It’s officially the middle of the strangest semester and we all deserve a pat on the back. Through the never-ending mask mandate, online classes and lack of social events, some might find this to be the most difficult semester of their college career.
Whether you’re a senior missing out on your final football games or a freshman awaiting a true college experience, it’s time for a mental check-in. With a lack of breaks from school, I think we’re all in need of some self-alignment. Here are five tips you might want to consider for a strong end to the semester.
1. Schedule your “me” time
I think one of the most important things for our mental health is to find time to be a little selfish. If you find yourself struggling to study or feeling overwhelmed, take an hour or so each week to be a little selfish. This could be watching a favorite show or movie while eating your favorite food. Perhaps you want to do a facemask once a week while listening to the sounds of the ocean. Whatever it is, make sure that you are taking time for yourself in the middle of all this chaos.
2. Check in with your body
You know yourself better than anyone else. Ask yourself, have you really been taking care of yourself the past few months? Spending most of my time inside a dorm room, I know how easy it is to reach over for a snack every hour. What does your sleep schedule look like? Have you been getting more than a few winks of sleep each night?
If you’re like me, you’re struggling to remind yourself to take care of yourself. The way you eat, sleep and think are very important to your body and they affect you each day. If you have the option to leave campus or go to the C-stores, pick up some healthy food. It doesn’t have to be a bunch of vegetables, but I always take fresh fruit over a candy bar. Lock down your sleep schedule. Try to go to bed at the same time each night and wake up around the same time each morning. It will do your body wonders.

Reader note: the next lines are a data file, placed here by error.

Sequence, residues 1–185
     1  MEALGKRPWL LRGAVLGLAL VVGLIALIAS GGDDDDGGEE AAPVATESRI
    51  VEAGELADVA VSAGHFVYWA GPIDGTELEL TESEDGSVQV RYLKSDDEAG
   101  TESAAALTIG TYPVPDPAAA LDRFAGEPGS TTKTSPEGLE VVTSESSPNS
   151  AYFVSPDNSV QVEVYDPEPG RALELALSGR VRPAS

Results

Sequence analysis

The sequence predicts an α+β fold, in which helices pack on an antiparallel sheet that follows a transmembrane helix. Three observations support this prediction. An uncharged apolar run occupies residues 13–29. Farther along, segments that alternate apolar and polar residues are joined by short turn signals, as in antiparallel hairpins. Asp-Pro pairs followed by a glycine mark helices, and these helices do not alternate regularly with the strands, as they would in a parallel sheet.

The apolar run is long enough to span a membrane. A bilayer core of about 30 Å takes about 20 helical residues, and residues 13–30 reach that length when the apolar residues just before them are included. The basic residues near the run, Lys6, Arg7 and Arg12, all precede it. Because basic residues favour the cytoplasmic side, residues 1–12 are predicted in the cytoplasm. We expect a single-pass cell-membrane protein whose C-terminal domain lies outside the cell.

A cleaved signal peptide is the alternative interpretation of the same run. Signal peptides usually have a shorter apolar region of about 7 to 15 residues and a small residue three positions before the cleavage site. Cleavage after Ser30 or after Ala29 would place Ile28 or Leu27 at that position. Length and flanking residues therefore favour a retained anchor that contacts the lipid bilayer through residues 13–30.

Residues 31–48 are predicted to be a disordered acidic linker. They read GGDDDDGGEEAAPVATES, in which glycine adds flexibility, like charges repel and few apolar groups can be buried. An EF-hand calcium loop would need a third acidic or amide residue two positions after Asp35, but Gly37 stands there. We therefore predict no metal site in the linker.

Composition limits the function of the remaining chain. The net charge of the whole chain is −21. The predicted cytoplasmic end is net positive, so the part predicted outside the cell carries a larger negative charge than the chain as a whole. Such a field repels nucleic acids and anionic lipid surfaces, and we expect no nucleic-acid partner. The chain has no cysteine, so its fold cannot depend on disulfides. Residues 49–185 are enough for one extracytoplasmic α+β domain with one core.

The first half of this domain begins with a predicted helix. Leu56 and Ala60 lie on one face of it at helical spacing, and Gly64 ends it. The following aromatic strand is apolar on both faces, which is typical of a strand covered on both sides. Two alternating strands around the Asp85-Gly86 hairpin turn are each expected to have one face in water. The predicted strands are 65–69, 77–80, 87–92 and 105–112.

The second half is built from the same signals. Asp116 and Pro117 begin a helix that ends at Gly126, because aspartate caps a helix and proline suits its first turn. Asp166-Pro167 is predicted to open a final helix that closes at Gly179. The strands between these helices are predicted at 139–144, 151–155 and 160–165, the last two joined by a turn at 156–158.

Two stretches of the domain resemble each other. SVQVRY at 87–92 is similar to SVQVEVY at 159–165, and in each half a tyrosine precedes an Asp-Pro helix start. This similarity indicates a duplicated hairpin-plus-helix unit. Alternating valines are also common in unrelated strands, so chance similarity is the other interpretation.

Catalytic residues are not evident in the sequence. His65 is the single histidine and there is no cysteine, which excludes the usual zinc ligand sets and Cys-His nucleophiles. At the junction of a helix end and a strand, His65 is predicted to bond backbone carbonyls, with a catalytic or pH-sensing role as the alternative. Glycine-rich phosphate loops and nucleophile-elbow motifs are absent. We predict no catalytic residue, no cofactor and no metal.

3. Connect with the world around you
Just because we are still in a pandemic and have to social distance, that doesn’t mean you have to close yourself out from the world. Recently I met up with some friends for the first time in over seven months. We grabbed some coffee from Starbucks and distanced ourselves outside of the Nebraska Union. I had no idea how badly I needed a couple of hours to just talk with some of my girlfriends. Prior to this gathering, I felt alone and as if I was facing all of these hardships by myself. Now, we’ve agreed to get together once a week to check in with one another and make sure we are doing alright.
4. Get up and get moving
Like many students, the majority of my classes have moved online since the beginning of the semester. Most days, I sit at the same desk for hours without moving unless I’m reaching for a snack. Try to get yourself up each day and move around. Go for a walk outside or do some stretching next to your desk. Not only do you need to give your eyes and brain a break, but your body needs the opportunity to move.
5. Reach out for help
Finally, the most important thing to remember this semester is that you are not alone. We are all facing the backlash of this pandemic and trying to find our new groove. The university has a large variety of resources available for those who need them. Utilize your free counseling sessions at Counseling and Psychological Services. I have found most of my professors are very helpful and understanding as well. They know this isn’t the semester we expected, and they don’t want you to fail. Having clear communication and forming a relationship with each of your professors might be one of the best decisions you can make this semester.